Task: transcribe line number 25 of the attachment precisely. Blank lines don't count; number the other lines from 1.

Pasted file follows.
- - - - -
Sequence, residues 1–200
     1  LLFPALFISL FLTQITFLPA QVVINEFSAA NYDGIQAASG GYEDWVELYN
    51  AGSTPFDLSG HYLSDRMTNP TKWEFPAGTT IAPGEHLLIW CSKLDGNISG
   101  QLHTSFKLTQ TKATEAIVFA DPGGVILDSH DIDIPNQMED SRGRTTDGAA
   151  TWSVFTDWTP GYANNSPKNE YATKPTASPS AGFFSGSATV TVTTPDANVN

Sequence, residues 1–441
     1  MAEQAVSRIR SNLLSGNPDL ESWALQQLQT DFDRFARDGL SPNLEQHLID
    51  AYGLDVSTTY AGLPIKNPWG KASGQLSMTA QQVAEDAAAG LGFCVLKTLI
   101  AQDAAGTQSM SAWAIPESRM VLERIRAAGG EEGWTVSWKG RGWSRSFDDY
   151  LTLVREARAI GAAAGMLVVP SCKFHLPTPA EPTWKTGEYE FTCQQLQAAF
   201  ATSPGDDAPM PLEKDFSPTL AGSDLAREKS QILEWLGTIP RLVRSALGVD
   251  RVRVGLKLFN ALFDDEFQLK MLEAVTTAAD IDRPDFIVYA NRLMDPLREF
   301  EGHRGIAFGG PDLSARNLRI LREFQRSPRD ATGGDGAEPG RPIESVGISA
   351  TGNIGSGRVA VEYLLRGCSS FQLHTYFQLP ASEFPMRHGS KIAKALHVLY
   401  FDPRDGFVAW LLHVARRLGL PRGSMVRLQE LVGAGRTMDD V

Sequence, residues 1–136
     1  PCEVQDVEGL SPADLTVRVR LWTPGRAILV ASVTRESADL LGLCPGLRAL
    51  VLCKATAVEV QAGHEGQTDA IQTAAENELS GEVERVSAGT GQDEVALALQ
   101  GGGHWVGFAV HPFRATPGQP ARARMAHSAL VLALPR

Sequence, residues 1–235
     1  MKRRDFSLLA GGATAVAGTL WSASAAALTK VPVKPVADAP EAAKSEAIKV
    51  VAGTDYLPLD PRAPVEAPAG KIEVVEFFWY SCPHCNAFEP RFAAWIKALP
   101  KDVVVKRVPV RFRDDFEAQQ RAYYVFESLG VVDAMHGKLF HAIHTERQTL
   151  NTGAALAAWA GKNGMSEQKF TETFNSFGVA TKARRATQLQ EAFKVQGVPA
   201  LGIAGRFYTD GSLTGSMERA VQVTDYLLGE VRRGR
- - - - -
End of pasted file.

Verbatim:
   201  LGIAGRFYTD GSLTGSMERA VQVTDYLLGE VRRGR